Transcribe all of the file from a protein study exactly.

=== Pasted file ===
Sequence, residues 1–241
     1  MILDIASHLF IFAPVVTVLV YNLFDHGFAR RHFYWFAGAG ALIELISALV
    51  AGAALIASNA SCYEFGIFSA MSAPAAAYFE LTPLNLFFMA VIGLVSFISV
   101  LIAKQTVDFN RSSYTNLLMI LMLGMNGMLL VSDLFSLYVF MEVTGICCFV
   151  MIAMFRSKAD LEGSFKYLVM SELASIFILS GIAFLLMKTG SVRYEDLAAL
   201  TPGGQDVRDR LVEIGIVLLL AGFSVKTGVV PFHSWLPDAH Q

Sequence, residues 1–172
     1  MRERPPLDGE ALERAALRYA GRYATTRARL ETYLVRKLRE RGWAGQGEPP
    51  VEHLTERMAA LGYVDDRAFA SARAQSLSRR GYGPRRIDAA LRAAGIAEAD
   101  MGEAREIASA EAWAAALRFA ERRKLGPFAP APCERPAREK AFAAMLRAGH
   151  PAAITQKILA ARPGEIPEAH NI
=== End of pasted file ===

Sequence, residues 1–241
     1  MILDIASHLF IFAPVVTVLV YNLFDHGFAR RHFYWFAGAG ALIELISALV
    51  AGAALIASNA SCYEFGIFSA MSAPAAAYFE LTPLNLFFMA VIGLVSFISV
   101  LIAKQTVDFN RSSYTNLLMI LMLGMNGMLL VSDLFSLYVF MEVTGICCFV
   151  MIAMFRSKAD LEGSFKYLVM SELASIFILS GIAFLLMKTG SVRYEDLAAL
   201  TPGGQDVRDR LVEIGIVLLL AGFSVKTGVV PFHSWLPDAH Q

Sequence, residues 1–172
     1  MRERPPLDGE ALERAALRYA GRYATTRARL ETYLVRKLRE RGWAGQGEPP
    51  VEHLTERMAA LGYVDDRAFA SARAQSLSRR GYGPRRIDAA LRAAGIAEAD
   101  MGEAREIASA EAWAAALRFA ERRKLGPFAP APCERPAREK AFAAMLRAGH
   151  PAAITQKILA ARPGEIPEAH NI